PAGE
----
Sedition by E. M. Wright

Sedition is a debut novel by E. M. Wright and it starts Children of Erikkson series. I received a free copy from NetGalley in exchange for an honest review.

Sedition is steampunk fantasy set in alternate Victorian England of airships and biomatons, humans that have been altered with clockwork parts and mind modifiers. Because of these changes, they’re no longer considered human and are treated as slaves.

Taryn is a young student of biomechanics with a secret: she is a biomaton too. She’s been pretending to be human for several years now, after she was discovered from the streets by a son of an aristocrat. Then her secret is discovered, and she’s taken to a lair of a cruel lordship who collects biomatons. Taryn is put through examinations and torture that nearly breaks her. Only, her mind-control doesn’t quite work like others’.

This started as a four-star book. The language was smooth, and the first third progressed in a good pace. Then Taryn was taken captive, and everything changed. The rest of the book lacked a proper plot with a clear goal that the protagonist would try to work towards. Taryn was passed along in a progression of scenes where she was submitted to humiliation and/or torture over and over again, with no recourse. The sadistic cruelty of the other characters soon became tiresome, especially since Taryn had no agency and no way to influence her situation. The story happened to her, not the other way around. The ending was abrupt and came across like a deus ex machina, especially since the build-up was for a different solution entirely.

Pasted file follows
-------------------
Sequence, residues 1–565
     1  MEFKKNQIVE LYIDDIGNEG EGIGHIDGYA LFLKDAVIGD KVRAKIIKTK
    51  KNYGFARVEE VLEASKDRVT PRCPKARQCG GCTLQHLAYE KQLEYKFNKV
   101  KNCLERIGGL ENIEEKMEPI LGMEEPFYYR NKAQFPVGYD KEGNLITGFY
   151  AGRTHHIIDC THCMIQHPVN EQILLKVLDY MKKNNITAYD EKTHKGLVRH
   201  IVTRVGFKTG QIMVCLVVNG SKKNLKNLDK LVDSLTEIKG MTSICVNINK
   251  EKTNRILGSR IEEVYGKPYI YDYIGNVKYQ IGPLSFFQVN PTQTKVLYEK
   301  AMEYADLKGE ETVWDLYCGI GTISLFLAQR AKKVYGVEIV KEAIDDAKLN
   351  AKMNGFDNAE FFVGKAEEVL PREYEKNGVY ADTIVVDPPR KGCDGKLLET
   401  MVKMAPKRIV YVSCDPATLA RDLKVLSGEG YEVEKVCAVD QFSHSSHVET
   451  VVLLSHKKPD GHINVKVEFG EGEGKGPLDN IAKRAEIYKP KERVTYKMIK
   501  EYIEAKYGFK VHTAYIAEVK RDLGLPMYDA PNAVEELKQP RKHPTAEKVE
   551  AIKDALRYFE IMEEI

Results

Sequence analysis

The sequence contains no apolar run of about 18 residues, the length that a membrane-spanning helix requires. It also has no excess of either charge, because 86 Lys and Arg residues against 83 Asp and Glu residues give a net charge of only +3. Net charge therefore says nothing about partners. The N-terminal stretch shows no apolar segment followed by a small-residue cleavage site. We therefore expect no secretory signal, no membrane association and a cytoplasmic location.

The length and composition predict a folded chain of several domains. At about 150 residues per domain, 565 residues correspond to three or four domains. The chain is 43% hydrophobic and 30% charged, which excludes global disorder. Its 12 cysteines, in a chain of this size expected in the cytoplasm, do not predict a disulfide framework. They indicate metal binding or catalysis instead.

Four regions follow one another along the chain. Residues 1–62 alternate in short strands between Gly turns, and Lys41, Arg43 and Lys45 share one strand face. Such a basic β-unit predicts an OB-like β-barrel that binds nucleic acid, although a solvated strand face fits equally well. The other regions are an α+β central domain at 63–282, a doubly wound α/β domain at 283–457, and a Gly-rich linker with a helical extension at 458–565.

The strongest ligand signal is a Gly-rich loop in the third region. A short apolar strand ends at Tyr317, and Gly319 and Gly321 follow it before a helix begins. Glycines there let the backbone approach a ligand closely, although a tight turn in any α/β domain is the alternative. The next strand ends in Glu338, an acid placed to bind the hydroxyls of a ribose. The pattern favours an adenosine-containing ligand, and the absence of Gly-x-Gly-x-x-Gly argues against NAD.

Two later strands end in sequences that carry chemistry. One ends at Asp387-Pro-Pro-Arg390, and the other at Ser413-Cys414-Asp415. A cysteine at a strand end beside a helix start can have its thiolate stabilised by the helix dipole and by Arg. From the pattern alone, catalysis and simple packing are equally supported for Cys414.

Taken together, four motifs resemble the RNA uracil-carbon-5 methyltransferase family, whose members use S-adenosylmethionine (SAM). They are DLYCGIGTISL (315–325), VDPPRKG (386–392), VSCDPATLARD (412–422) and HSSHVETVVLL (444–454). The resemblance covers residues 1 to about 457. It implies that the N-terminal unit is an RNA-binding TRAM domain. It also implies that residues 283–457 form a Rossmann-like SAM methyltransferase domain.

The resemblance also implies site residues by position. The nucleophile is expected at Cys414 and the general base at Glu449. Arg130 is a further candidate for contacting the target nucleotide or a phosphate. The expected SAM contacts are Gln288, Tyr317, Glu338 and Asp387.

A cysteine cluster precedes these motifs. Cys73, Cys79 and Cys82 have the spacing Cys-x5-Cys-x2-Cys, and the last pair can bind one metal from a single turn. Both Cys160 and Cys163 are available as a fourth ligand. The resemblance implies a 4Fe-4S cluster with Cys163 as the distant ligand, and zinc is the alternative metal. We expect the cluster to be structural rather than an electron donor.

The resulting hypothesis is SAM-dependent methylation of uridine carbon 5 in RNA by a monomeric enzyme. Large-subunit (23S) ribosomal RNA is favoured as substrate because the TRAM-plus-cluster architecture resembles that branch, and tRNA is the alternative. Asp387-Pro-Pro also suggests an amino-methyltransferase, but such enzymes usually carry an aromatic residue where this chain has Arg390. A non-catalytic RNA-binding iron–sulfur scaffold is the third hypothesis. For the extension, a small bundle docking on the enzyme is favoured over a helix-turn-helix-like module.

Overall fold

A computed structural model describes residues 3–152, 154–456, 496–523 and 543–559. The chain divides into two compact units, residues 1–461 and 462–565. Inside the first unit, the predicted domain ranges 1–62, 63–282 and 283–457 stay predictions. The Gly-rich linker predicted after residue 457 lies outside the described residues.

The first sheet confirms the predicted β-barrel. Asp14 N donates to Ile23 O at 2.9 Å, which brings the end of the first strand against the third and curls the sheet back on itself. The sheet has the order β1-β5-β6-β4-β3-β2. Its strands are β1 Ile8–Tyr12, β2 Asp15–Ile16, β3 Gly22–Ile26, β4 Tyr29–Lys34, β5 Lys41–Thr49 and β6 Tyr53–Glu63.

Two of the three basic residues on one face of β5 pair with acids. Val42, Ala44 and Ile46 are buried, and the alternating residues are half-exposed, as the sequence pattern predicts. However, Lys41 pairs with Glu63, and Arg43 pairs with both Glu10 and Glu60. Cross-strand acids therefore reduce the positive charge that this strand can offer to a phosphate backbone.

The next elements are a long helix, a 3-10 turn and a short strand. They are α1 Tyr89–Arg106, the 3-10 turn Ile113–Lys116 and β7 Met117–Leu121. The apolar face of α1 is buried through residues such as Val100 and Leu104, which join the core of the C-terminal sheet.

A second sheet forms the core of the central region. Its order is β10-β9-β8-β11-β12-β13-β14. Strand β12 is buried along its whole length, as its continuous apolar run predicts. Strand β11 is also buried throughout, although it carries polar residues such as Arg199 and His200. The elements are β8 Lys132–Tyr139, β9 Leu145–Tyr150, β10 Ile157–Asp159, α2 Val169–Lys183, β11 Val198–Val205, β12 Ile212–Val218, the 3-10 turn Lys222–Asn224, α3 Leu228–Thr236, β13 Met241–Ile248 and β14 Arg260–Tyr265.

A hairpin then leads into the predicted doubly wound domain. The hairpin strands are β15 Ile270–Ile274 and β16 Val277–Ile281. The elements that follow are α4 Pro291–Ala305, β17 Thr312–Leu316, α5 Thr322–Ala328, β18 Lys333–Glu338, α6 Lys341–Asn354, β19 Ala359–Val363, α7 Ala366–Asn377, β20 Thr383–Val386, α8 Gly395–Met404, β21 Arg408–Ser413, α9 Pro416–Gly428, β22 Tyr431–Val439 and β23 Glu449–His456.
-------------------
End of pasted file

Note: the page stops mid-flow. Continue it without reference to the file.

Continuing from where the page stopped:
Taryn was an interesting character, but not someone I could identify with. I sympathised with her at first, but even that became difficult when she had no influence on her situation or any initiative. The idea that her emotions were dampened was fairly repulsive, especially in how it made her regard her only friend.

The side characters were odd, to say the least. Ace was probably meant to be a love interest of a sort, since he was given his own POV chapters, but he was cowardly and useless. Emmet was mawkish and then pitiful, through no fault of his own. The rest of the characters were merely a collection of sadistic torturers that would make Marquis de Sade envious. At least there was no sexual violence, which was probably due to this being marketed as YA fiction.